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Old 19th Sep 2011, 17:19   #1 (permalink)
 
Join Date: Jul 2005
Location: heaven
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Net/Gross Takeoff?

Hey folks,

Can someone explain the difference between "net" and "gross" takeoff flight path? I guess the "net" takeoff flight path has to clear obstacles by 35ft, but I dont understand the definition of "net" and "gross."

Thanks for any feedback.
Macgyver is offline   Reply
Old 19th Sep 2011, 17:48   #2 (permalink)
 
Join Date: May 2005
Location: France
Age: 59
Posts: 294
'Gross' performance is what has been observed and measured during flight testing/certification.

'Net' performance is that 'gross' performance degraded by a small percentage, to take into account 'real-world' variables (handling skill, wear and tear of engine and airframe, accuracy of data, e.g. meteorolgical, runway).

The percentage depends on number of engines and phase of flight.

Take-off performance is the most complex, involving several 'segments', all with their own percentage.

Cruise performance is also degraded from 'gross' to 'net', especially in the case of engine-out 'driftdown'

Landing performance is degraded in the case of go-around climb gradients.

I'm sure that more detailed info is available, but that is a quick overview.

Hope it helps.

Eckhard

P.S. Just found this:

Sec. 25.115 Takeoff flight path.

(a) The takeoff flight path begins 35 feet above the takeoff surface at the
end of the takeoff distance determined in accordance with Sec. 25.113(a).
(b) The net takeoff flight path data must be determined so that they
represent the actual takeoff flight paths (determined in accordance with Sec.
25.111 and with paragraph (a) of this section) reduced at each point by a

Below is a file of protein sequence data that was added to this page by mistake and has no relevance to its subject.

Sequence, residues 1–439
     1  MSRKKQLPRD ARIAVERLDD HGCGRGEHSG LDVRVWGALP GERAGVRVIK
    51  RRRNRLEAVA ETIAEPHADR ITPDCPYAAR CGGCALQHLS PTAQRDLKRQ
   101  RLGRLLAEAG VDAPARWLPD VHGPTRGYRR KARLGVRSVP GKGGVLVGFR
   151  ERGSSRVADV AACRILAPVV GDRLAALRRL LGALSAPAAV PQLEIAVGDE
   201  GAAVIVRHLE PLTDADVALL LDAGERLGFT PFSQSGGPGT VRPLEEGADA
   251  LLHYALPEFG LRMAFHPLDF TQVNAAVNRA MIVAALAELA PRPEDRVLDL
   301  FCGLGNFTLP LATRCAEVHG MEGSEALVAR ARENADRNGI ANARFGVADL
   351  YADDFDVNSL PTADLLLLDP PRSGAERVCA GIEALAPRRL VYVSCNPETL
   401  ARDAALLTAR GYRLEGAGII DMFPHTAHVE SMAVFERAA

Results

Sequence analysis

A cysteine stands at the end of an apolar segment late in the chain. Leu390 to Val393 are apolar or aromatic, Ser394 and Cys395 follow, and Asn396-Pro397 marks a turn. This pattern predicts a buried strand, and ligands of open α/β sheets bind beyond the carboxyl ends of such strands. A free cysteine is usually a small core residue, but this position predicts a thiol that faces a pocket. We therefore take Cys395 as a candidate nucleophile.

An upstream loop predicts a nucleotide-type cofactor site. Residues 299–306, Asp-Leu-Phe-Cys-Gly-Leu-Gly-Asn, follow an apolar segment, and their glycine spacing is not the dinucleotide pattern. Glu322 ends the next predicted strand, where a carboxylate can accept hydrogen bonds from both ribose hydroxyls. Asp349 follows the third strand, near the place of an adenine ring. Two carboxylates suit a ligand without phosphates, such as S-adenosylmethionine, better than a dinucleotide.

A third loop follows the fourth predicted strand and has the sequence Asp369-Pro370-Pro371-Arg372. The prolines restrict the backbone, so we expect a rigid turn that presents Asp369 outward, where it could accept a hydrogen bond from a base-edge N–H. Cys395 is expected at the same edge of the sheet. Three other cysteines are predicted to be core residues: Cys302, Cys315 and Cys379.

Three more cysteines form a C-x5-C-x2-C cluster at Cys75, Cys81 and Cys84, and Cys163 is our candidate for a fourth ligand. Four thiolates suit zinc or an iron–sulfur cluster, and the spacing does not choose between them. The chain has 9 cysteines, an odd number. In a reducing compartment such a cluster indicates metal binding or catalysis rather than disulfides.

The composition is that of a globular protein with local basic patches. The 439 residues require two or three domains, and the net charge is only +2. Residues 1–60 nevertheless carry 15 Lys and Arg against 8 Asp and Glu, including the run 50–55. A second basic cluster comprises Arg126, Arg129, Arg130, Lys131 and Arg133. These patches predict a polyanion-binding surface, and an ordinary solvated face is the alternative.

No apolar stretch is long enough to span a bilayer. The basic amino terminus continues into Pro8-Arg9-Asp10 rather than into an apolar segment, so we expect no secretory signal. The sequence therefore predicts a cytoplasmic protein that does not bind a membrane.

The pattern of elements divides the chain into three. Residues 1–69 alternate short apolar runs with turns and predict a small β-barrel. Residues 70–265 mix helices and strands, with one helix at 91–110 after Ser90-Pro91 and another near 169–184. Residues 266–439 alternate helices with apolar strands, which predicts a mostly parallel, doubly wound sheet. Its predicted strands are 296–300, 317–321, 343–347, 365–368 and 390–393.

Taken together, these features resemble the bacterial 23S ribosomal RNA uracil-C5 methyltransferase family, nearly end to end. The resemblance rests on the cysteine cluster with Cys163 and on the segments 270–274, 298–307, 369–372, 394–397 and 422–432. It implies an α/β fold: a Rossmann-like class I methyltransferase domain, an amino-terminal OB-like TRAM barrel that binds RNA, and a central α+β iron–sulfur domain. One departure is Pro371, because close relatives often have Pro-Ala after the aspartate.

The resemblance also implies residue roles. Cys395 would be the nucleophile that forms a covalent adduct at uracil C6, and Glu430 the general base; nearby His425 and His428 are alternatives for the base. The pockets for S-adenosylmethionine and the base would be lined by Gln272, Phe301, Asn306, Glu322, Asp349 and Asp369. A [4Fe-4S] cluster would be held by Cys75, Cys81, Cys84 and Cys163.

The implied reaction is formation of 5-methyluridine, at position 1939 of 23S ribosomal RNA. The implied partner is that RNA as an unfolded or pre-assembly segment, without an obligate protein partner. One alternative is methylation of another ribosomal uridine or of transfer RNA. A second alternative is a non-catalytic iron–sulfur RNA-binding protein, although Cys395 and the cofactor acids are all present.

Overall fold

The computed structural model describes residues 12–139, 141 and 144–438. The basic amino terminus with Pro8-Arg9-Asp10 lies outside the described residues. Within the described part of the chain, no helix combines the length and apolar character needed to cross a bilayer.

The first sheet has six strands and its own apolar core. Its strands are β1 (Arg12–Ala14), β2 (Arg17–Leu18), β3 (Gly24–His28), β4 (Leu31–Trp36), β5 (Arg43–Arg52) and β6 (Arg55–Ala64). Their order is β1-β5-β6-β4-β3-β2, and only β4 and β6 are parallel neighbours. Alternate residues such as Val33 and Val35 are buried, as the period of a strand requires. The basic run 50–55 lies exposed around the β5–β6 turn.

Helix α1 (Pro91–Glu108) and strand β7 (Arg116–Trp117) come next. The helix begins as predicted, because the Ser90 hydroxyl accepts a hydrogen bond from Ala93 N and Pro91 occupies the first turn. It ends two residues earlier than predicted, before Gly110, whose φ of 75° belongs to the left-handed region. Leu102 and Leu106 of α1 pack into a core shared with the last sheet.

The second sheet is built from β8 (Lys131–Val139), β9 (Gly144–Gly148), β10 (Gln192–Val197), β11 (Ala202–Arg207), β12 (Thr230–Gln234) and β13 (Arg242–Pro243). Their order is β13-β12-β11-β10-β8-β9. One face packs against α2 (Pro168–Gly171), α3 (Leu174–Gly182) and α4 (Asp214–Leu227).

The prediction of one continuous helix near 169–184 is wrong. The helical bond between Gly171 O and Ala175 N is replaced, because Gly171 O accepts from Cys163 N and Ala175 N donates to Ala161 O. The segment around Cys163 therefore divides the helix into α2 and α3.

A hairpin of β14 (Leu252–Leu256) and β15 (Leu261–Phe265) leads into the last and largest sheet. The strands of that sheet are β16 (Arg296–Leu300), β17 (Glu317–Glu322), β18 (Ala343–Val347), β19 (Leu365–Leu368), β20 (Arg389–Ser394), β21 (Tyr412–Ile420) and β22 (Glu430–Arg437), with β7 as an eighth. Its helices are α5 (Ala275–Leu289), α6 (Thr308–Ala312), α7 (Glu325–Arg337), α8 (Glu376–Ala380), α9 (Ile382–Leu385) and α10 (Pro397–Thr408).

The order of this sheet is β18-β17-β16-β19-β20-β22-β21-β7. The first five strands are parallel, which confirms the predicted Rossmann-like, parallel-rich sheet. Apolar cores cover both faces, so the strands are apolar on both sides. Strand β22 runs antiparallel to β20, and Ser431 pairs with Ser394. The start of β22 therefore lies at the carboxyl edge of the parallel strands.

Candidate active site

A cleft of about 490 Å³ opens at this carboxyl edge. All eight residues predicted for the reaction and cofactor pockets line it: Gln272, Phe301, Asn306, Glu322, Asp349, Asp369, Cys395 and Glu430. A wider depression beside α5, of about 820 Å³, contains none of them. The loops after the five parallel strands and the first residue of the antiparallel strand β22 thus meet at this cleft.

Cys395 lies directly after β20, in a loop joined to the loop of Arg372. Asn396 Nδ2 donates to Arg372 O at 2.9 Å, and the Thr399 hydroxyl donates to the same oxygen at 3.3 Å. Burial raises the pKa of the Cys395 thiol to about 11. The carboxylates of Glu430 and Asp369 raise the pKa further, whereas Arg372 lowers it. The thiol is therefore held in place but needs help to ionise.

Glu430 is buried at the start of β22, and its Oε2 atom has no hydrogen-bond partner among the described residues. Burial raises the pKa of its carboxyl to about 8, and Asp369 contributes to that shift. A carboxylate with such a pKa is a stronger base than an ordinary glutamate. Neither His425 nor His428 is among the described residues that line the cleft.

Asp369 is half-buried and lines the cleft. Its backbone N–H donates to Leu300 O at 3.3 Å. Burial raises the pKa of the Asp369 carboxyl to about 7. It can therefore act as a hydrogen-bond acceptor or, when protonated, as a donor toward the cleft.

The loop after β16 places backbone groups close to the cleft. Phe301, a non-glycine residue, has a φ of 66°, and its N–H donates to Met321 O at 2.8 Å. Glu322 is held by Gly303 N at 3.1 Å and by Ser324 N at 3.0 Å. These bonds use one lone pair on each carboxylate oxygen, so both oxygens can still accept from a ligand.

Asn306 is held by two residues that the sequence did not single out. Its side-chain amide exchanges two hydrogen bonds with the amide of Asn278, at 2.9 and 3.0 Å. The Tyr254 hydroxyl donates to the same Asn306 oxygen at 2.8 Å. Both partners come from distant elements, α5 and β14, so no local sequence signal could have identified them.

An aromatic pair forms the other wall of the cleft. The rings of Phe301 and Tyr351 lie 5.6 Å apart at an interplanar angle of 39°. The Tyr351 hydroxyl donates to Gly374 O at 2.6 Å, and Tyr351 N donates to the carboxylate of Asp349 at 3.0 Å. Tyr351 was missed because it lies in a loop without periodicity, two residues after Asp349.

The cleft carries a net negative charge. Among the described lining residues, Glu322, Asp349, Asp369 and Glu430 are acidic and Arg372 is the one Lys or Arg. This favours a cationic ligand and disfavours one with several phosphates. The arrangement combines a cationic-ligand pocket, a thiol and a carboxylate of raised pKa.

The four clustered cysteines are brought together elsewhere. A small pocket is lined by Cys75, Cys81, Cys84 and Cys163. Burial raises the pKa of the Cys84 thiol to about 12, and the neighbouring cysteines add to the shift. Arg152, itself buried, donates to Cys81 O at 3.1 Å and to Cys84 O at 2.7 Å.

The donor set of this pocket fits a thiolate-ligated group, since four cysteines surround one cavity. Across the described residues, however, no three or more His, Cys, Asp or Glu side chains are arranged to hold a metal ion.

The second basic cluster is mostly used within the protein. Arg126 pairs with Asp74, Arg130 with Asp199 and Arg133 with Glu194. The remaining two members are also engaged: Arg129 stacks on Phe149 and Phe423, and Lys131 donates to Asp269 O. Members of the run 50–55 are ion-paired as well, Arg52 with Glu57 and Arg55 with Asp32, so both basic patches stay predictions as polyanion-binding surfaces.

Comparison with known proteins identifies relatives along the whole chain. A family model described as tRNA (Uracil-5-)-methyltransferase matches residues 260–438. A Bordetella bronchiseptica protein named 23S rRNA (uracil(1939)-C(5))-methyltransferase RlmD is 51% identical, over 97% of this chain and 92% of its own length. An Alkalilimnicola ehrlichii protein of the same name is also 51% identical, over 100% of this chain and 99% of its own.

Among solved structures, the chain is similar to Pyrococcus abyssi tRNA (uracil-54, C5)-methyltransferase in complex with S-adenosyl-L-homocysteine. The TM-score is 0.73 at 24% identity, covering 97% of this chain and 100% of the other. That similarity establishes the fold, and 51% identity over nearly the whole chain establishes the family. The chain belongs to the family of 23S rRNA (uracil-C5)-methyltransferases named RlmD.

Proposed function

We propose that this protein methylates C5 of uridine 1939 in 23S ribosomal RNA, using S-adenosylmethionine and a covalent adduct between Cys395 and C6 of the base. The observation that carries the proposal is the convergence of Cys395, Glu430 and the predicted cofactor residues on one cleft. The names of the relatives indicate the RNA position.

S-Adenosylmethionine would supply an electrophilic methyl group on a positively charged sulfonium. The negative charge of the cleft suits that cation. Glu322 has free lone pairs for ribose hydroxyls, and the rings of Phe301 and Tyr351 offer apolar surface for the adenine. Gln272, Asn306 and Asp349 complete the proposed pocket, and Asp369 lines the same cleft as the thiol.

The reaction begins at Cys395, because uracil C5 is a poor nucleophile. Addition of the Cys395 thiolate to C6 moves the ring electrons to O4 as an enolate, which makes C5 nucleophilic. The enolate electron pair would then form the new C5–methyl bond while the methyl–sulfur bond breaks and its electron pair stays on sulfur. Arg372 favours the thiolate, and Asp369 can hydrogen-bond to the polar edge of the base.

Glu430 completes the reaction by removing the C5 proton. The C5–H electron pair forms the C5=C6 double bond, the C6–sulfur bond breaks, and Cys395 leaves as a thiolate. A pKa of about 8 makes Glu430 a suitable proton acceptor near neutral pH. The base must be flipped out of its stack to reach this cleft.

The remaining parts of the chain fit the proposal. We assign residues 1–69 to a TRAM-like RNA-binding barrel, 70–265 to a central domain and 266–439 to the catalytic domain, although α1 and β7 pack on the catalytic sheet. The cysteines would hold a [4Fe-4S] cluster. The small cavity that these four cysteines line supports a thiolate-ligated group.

gradient of climb equal to--
(1) 0.8 percent for two-engine airplanes;
(2) 0.9 percent for three-engine airplanes; and
(3) 1.0 percent for four-engine airplanes.
(c) The prescribed reduction in climb gradient may be applied as an
equivalent reduction in acceleration along that part of the takeoff flight
path at which the airplane is accelerated in level flight.



Sec. 25.117 Climb: general.

Compliance with the requirements of Secs. 25.119 and 25.121 must be shown
at each weight, altitude, and ambient temperature within the operational
limits established for the airplane and with the most unfavorable center of
gravity for each configuration.



Sec. 25.119 Landing climb: All-engine-operating.

In the landing configuration, the steady gradient of climb may not be less
than 3.2 percent, with--
(a) The engines at the power or thrust that is available eight seconds
after initiation of movement of the power or thrust controls from the minimum
flight idle to the takeoff position; and
(b) A climb speed of not more than 1.3 VS.



Sec. 25.121 Climb: One-engine-inoperative.

(a) Takeoff; landing gear extended. In the critical takeoff configuration
existing along the flight path (between the points at which the airplane
reaches VLOF and at which the landing gear is fully retracted) and in the
configuration used in Sec. 25.111 but without ground effect, the steady
gradient of climb must be positive for two-engine airplanes, and not less
than 0.3 percent for three-engine airplanes or 0.5 percent for four-engine
airplanes, at VLOF and with--
(1) The critical engine inoperative and the remaining engines at the power
or thrust available when retraction of the landing gear is begun in
accordance with Sec. 25.111 unless there is a more critical power operating
condition existing later along the flight path but before the point at which
the landing gear is fully retracted; and
(2) The weight equal to the weight existing when retraction of the landing
gear is begun, determined under Sec. 25.111.
(b) Takeoff; landing gear retracted. In the takeoff configuration existing
at the point of the flight path at which the landing gear is fully retracted,
and in the configuration used in Sec. 25.111 but without ground effect, the
steady gradient of climb may not be less than 2.4 percent for two-engine
airplanes, 2.7 percent for three-engine airplanes, and 3.0 percent for four-